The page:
It's often said that bagpipe adjudicating can be a very subjective thing. Individual taste and personal opinion are often thought to play a part in a judge's final decision to greater and lesser degrees. The musical standard at top level pipe band or solo competitions seem to rise each year with the gap between the top competitors narrowing to nonexistence. These are not easy contests to judge. The subjectivity of the judges at these events may play a large part or a small part in the final tally, who knows? With the performances so close, what elements separate them? Well there is a study published a few years ago that suggests that people actually depend more on visual components than on sound when judging music competition. From the abstract:
"People consistently report that sound is the most important source of information in evaluating performance in music. However, the findings demonstrate that people actually depend primarily on visual information when making judgments about music performance. People reliably select the actual winners of live music competitions based on silent video recordings, but neither musical novices nor professional musicians were able to identify the winners based on sound recordings or recordings with both video and sound."
The results of this study draw attention to the natural, unconscious reliance we all have on visual cues. The notion that our experience of music depends so much on visual information, and that that visual information can interfere with our decision making has huge implications, as the study also suggests:
"Professional musicians and competition judges consciously value sound as central to the domain of performance, yet they arrive at different winners depending on whether visual information is available or not. This finding suggests that visual cues are indeed persuasive and sway judges away from recognizing the best performance that they themselves have, by consensus, defined as dependent on sound. Professional judgment appears to be made with little conscious awareness that visual cues factor so heavily into preferences and decisions."
We all like to think that the "sound" of a musical performance is the most important thing and place our trust in the specialized experience of judges. But, whether we are aware of it or not, we, as well as experts, are more likely to pick the winner of a competition because the performer "looks" like he or she is a winner. It is not really the subjective nature of musical taste and experience that plays a large part in the judging of bagpipe competition, but the (very) subjective nature of visual cues. In a top-level solo piping event, where each performer can be equal in quality, how much do those visual elements—pre-performance tuning, composure, posture and movement, Highland dress—factor into a piping judge’s final opinion?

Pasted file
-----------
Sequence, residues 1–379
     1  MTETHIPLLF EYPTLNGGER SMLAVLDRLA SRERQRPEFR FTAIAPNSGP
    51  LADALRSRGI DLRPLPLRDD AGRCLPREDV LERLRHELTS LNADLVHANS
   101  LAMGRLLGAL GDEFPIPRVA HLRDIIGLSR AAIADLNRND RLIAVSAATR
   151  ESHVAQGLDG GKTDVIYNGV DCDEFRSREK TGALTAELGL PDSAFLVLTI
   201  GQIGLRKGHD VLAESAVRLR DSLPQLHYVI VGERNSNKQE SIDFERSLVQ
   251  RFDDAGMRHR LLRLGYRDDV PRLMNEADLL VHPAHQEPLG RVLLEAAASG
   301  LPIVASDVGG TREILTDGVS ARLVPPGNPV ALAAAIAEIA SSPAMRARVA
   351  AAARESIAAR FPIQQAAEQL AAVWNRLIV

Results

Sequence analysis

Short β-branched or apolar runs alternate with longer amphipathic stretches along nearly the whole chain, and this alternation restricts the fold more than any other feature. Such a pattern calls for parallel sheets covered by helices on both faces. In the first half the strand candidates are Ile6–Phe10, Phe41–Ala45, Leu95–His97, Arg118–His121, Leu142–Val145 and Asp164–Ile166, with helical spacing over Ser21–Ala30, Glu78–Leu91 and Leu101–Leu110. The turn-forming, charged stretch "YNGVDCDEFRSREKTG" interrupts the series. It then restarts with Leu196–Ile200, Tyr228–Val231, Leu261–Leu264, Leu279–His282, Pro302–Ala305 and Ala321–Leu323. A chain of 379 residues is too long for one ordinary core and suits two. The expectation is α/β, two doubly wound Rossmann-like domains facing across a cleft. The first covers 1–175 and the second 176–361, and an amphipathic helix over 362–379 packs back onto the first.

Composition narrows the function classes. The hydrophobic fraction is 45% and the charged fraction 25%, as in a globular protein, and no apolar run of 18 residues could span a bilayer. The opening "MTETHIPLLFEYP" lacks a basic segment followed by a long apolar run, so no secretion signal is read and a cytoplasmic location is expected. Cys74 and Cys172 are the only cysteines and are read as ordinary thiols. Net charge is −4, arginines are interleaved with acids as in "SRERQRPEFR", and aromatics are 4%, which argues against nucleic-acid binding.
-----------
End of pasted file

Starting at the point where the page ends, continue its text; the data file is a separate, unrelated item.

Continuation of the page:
The results of this study suggest certain things for the competing piper. We all tend to brush off “dress and deportment,” but at our peril. It matters. “Looking the part” would seem to be not just an aphorism, but a requirement if one wishes to succeed. A composed, relaxed tune-up coupled with smooth marching and movements during your tunes projects the right visual message of professionalism and competency. But the results of this study also have implications when the visual elements are not in one’s control. The Grade 1 competition at the World Pipe Band Championships is the pinnacle of pipe band performance. Glasgow can also be dodgy when it comes to weather. Many Grade 1 qualifying or final events have been marred by pouring rain over the years. A few unlucky bands might play in a downpour while others get the benefit (or detriment) of blazing sunshine. The image of the best bands in the world playing their set as their shirts are soaked through, or the image of splish-splashes off of drum heads not only is something that has an impact on the bands' performances, but it also has an impact on the visual aspects from the perspective of the crowd (who typically cheer loudly when these bands finish in those conditions) and most likely, as the aforementioned study reveals, how they are judged as well.
This is an important thing. The BBC and the city of Glasgow have made it known that they are invested in growing the World Pipe Band Championships to appeal to a wider audience. It is in their interests to make the “visuals” as appealing as possible, eliminating variables that can not only interfere with public regard for the event, but with the final result of the competition as well. Outdoor solo events are not free from this. Some of the most prestigious solo prizes are given at outdoor Highland games on the worldwide circuit, subject to all the poor weather that can interfere with a good performance. Creating the best visual performance is sometimes not just about looking good and deporting yourself well, it’s also about having the opportunity to not look bad.